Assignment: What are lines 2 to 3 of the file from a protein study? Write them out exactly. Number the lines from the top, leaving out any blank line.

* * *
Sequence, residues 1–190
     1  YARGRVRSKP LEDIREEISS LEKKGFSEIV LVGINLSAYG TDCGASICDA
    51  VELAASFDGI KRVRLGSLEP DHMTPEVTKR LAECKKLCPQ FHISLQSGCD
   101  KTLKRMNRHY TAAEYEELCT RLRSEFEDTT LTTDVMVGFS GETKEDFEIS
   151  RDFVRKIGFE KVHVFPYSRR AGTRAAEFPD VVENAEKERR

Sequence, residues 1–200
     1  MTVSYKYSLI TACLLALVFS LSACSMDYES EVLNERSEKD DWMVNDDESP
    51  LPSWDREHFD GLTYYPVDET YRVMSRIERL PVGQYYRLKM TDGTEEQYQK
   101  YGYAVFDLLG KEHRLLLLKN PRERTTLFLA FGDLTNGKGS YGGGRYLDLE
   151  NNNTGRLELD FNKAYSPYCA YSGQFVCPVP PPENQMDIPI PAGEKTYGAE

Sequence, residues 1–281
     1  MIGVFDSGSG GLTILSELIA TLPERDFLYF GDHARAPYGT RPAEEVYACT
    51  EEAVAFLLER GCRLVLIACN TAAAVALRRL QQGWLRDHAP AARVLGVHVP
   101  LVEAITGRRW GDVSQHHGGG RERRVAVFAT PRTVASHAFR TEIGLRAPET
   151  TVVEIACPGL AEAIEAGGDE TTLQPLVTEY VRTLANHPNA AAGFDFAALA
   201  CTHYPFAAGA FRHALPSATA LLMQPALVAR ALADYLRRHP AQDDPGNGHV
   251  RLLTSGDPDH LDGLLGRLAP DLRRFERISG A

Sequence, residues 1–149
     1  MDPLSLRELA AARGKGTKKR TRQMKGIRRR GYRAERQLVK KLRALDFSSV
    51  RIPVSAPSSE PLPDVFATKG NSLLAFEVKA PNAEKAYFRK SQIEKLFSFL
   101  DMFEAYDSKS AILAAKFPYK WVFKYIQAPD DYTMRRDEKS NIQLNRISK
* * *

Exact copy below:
     1  YARGRVRSKP LEDIREEISS LEKKGFSEIV LVGINLSAYG TDCGASICDA
    51  VELAASFDGI KRVRLGSLEP DHMTPEVTKR LAECKKLCPQ FHISLQSGCD